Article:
Monday, July 29, 2019

Energy Consumption Characteristics of Commercial Building HVAC Systems (Volume-II)

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This report is the second volume of a three-volume set of reports on energy consumption in commercial building HVAC systems in the U.S. The first volume, in process but not yet complete, focuses on energy use for generation of heating and cooling, i.e. in equipment such as boilers and furnaces for heating and chillers and packaged airconditioning units for cooling. This second volume focuses on parasitic energy use, the energy required to distribute heating and cooling within a building, reject to the environment the heat discharged by cooling systems, and move air for ventilation purposes. Parasitic energy use in commercial building HVAC systems accounts for about 1.5 quads of primary energy1 use annually, about 10% of commercial sector energy use. The third volume in the set will address opportunities for energy savings in commercial building HVAC systems.

The energy use estimates presented in this report have been developed using a rigorous bottom-up approach which has not previously been used to estimate national parasitic energy consumption. Distribution of the commercial building floorspace among building type, system type, and region was based largely on the 1995 Commercial Building Energy Consumption Survey (CBECS95, Reference 3). Models for cooling and heating loads were obtained from Lawrence Berkeley National Laboratory (LBNL) and were based on a set of over 400 prototype building models (Reference 19). Models of HVAC equipment design loads and operating characteristics were developed based on engineering calculations, product literature, discussions with equipment suppliers, and actual building site-measured data collected by Xenergy2 as part of the XenCAPTM demand-side management (DSM) program. The XenCAPTM data was also used for checking the building energy use models. Energy use estimates were developed for more than 1,500 technology/market segments representing the different building types, regions, system types, and equipment considered in the study.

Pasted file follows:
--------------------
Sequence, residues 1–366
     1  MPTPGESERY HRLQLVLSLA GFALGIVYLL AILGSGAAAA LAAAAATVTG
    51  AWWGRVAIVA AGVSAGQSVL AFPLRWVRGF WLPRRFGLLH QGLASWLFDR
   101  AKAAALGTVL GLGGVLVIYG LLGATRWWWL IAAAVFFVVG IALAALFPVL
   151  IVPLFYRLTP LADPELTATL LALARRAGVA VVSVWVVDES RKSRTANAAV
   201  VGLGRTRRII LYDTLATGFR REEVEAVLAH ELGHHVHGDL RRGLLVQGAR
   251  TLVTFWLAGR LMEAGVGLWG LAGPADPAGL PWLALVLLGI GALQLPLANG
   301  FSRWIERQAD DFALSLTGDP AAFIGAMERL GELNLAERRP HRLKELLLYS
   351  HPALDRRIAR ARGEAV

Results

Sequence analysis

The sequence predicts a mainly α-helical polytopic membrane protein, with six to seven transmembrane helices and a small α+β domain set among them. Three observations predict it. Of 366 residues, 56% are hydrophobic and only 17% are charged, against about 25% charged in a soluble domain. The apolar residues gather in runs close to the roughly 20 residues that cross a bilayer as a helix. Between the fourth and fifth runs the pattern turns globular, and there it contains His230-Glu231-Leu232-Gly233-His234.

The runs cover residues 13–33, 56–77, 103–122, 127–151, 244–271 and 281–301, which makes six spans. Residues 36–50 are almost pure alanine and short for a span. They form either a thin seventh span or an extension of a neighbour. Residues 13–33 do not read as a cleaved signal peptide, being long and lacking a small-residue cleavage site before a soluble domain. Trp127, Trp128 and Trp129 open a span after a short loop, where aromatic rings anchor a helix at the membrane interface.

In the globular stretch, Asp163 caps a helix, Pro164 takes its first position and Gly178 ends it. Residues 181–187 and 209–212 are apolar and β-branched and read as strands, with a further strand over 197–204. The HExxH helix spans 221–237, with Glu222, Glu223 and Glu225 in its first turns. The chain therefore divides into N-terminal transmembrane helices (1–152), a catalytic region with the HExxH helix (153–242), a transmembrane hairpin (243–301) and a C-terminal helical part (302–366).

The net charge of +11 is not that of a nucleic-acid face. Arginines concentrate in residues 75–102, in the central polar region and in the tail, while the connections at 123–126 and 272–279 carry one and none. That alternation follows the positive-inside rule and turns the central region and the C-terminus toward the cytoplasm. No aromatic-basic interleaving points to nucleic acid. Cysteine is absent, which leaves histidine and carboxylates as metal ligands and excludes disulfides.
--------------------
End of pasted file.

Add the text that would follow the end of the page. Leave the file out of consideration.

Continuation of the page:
1. Executive Summary
2. Introduction
3. Description of Systems and Equipment
4. Market Description
5. Baseline Energy Use Estimate
6. Conclusions and Recommendations
7. References
Appendix 1: XenCAP Energy Use Data
Appendix 2: Segmentation
Appendix 3: Equipment Modeling Methodology
Appendix 4: Background Segmentation Data
Appendix 5: Industry Expert Interview Summaries

Author Details
"Detlef Westphalen"
"Scott Koszalinski"

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